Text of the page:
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Hand coordination: 24-36 months

toddler solving a peg puzzle

Key points:

  1. Children around the age of three develop increased muscle movement control, including hand coordination.
  2. Development milestones for this age group include catching smaller balls, holding a pen or pencil between their fingers, and manipulating small objects like puzzle pieces.
  3. Parents can support their children’s hand coordination development through activities such as modeling how to hold a pen or pencil, cutting food into bite-size portions, and stringing beads or putting together simple peg puzzles.

As days go by, your little one is not so little anymore! You will bear witness to some great accomplishments and watch them gain more control over every aspect of their life. One of those aspects they are learning about is muscle movement. And as in every stage, this year comes with some great new skills.


What can you expect?

Your little one will most likely be able to:
• Catch smaller balls
• Insert small objects through a small opening
• Hold a crayon or pencil between their fingers, abandoning the fist-grip
• Start drawing or coloring a picture
• Copy simple lines
• Cut with scissors, even if it’s not in a straight line
• Manipulate small objects like puzzle pieces

How can you support their hand coordination development?

To keep building a strong foundation for them to progress on, you can do some of the following:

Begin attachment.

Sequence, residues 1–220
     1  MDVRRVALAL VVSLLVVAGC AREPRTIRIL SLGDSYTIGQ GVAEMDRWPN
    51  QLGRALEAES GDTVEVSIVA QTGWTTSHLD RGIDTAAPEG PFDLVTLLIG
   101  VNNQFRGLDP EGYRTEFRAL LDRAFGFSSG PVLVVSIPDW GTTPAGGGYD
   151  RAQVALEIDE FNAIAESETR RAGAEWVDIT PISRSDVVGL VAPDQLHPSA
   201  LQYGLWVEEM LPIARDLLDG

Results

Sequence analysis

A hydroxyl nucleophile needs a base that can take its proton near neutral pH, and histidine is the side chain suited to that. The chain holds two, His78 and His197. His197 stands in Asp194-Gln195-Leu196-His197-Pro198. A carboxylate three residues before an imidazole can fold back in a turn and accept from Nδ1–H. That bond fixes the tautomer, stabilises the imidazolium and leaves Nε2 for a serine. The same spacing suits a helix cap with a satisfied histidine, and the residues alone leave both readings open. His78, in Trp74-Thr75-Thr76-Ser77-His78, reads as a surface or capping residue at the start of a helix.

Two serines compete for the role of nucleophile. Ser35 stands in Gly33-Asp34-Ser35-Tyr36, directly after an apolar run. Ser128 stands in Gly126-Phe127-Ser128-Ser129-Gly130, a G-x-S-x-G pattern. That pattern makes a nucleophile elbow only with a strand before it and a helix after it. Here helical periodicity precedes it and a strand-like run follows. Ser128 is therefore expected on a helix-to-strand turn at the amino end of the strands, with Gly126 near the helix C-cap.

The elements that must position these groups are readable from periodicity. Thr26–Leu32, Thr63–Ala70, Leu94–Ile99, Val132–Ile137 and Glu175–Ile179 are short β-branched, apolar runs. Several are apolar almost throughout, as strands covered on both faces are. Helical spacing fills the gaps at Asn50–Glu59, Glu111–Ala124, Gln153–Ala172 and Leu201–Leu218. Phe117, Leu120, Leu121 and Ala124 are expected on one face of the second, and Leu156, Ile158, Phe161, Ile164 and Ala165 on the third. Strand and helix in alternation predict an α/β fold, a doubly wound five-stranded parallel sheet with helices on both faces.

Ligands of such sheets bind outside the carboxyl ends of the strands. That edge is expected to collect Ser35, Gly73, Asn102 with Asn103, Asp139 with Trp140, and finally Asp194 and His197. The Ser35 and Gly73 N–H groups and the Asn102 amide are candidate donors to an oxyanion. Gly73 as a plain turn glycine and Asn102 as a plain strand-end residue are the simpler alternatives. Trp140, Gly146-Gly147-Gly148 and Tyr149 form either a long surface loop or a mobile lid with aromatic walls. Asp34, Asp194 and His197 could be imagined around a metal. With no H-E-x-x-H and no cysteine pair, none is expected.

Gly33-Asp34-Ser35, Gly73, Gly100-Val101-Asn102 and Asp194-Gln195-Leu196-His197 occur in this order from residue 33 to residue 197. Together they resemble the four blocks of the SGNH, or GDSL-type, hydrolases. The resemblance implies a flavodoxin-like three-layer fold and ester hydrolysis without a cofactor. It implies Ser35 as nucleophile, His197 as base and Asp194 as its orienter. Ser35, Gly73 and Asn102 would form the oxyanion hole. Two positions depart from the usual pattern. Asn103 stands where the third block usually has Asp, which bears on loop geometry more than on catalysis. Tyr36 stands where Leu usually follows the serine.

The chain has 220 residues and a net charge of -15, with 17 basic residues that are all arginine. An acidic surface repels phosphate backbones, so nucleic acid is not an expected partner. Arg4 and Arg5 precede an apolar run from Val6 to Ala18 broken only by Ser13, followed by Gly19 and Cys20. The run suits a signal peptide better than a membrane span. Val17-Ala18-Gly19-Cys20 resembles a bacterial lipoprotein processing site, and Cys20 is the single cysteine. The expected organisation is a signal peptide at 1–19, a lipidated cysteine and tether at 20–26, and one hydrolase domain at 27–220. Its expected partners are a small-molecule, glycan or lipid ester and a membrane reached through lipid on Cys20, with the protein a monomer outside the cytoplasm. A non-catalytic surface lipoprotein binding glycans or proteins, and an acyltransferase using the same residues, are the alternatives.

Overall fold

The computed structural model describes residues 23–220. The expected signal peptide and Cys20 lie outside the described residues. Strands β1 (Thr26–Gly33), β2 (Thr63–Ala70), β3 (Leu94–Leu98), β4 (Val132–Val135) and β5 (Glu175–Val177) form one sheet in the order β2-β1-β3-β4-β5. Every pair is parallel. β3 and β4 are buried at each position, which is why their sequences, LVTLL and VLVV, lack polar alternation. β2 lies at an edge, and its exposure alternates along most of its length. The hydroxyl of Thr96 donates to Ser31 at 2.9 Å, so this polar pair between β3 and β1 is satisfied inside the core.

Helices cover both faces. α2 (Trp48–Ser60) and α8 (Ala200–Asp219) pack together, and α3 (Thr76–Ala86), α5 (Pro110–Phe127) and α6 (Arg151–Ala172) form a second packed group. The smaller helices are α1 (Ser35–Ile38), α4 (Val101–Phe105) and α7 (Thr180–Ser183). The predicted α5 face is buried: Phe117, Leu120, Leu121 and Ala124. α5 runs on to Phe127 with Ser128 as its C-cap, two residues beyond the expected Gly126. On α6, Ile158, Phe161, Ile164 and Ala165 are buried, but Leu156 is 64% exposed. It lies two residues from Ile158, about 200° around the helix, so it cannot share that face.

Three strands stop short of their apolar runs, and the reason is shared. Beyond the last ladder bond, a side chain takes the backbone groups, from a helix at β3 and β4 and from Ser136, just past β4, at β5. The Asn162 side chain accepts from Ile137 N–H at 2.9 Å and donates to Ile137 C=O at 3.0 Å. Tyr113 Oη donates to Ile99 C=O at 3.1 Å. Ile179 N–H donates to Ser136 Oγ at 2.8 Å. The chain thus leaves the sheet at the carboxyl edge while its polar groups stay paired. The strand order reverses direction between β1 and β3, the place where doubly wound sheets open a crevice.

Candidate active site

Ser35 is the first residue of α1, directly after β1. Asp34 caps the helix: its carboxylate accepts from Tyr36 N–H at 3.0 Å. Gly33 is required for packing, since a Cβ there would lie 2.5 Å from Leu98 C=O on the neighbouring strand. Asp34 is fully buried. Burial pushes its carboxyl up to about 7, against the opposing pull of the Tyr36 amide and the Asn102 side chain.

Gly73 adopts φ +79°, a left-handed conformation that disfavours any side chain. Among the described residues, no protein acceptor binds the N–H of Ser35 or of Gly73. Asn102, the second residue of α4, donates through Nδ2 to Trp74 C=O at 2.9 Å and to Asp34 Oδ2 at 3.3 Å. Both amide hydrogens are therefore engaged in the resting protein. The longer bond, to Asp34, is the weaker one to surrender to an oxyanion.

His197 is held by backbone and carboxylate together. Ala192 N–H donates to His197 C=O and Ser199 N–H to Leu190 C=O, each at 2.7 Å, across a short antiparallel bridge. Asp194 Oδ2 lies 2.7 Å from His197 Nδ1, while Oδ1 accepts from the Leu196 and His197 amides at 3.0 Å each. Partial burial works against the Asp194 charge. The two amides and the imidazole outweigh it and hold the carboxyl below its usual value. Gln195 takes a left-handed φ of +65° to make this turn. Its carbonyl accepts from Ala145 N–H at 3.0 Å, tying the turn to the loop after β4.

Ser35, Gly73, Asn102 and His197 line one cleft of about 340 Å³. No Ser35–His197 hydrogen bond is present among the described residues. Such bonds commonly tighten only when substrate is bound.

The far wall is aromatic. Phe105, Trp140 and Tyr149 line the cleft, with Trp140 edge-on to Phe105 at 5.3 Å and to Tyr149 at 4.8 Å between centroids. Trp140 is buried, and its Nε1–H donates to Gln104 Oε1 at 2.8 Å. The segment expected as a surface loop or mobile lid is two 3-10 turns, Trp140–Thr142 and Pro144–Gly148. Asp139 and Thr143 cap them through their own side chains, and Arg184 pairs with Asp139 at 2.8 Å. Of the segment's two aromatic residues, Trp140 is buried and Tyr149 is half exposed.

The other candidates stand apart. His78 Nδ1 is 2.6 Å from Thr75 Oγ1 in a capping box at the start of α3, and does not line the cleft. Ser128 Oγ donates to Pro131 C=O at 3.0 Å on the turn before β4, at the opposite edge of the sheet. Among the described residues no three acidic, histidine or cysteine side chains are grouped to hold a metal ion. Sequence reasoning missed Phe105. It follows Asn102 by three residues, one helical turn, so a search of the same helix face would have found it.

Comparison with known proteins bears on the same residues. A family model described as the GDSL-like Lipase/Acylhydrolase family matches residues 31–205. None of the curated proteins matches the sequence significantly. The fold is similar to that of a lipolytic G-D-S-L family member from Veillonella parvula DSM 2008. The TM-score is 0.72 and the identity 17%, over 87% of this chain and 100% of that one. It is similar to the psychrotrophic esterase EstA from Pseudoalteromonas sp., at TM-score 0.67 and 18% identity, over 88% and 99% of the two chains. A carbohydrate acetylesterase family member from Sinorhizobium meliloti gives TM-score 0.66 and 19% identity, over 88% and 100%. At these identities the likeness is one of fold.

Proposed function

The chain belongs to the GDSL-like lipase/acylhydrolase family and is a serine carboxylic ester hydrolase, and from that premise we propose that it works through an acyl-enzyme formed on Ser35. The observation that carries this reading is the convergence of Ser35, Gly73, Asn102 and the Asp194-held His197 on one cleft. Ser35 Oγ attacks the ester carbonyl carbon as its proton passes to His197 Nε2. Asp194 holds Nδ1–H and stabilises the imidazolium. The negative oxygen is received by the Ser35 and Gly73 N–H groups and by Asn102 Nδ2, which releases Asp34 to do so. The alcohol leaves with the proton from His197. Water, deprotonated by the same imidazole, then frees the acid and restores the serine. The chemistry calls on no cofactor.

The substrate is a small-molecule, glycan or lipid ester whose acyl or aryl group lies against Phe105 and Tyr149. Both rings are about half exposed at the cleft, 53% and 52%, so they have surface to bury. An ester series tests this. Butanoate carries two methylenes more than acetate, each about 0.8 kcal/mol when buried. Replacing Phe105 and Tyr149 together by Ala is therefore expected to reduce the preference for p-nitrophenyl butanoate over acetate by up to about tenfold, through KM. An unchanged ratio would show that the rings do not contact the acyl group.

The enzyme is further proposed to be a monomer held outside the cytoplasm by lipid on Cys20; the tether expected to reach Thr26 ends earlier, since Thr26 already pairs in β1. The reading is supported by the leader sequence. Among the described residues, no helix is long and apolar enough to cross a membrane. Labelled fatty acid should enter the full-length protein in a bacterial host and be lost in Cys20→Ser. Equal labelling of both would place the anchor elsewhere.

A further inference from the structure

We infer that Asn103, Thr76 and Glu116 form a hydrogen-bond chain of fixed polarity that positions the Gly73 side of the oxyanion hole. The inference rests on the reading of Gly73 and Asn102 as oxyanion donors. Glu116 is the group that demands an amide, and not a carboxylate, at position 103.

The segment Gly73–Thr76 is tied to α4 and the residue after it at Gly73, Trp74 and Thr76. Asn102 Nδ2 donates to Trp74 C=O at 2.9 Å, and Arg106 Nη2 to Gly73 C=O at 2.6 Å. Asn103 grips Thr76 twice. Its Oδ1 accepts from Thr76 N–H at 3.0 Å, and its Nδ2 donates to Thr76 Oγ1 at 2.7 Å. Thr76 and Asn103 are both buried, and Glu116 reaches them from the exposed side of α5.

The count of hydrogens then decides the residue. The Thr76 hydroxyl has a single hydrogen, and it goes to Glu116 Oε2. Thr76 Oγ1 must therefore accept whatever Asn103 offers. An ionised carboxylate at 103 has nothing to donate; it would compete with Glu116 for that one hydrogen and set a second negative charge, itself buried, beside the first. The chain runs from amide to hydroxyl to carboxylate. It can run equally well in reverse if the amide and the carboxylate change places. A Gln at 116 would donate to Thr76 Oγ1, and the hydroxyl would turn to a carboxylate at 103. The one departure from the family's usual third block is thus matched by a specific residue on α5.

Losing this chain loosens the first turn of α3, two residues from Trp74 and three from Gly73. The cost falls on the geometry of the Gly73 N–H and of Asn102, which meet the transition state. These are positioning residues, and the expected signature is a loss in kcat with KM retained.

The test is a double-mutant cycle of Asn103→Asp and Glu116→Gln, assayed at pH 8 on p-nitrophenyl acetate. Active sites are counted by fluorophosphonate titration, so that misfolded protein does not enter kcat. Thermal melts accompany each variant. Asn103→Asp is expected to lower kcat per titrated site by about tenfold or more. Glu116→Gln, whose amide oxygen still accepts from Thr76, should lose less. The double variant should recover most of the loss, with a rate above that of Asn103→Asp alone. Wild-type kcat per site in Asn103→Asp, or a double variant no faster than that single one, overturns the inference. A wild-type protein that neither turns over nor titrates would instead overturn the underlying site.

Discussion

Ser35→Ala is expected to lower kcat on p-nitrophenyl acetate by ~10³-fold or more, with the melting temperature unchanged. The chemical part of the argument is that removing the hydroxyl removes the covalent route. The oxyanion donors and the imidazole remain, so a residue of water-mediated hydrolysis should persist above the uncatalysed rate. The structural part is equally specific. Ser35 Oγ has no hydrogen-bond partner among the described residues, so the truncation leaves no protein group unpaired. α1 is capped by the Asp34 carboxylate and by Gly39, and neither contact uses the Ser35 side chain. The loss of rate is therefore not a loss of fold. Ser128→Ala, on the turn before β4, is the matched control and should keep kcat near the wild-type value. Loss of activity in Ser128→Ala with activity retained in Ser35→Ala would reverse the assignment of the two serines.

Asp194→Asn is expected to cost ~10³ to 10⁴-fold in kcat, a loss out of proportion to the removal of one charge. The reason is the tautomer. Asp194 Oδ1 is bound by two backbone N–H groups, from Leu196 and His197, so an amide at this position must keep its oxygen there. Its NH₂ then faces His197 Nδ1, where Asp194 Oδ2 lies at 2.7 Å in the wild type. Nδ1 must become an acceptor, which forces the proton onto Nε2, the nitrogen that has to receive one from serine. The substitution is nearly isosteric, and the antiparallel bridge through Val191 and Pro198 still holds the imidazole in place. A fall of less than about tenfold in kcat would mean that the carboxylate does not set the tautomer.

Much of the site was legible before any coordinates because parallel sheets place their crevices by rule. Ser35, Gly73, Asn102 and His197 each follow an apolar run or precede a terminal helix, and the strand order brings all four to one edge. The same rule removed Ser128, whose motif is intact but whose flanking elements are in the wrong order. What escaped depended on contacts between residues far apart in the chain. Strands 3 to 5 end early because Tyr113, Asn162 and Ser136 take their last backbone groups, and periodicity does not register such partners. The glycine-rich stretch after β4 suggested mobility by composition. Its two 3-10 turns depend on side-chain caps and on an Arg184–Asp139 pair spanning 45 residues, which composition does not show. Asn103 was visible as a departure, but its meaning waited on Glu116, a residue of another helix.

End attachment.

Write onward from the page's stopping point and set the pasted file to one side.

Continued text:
• Model how to hold a pen/pencil and watch them imitate you. If they can’t do it the first time, encourage them to practice more. You’ll see them make shoulder and elbow movements to draw lines in all directions, and each time they’ll show a little more control while doing them.
  • Zipping and unzipping zippers might be a great way to strengthen small muscles and practice self-dressing skills.
  • During snack time, try cutting fruit into bite-size portions and have them serve the snacks themselves, so they can practice grabbing small objects. You can do this with other types of food like cereal or crackers.
  • Stringing beads. It can be a great way to foster the development of hand coordination abilities. You can also try this using cereal. Keep in mind supervision is always needed during this type of play to avoid any choking hazards.
  • Picking up connecting blocks after building a tower. There’s a lot of different exercises you can practice with this. Bending over to pick each one up, separating them into colors, classifying them by different sizes, etc.
  • Putting together simple peg puzzles can also contribute to the improvement of hand and wrist dexterity. Plus, it’s a great way to foster cognitive flexibility and problem-solving abilities!

Many of these activities and movements are crucial for gaining pre-writing skills. Remember how important it is to establish a solid foundation for them next time you are spending time with your little one.

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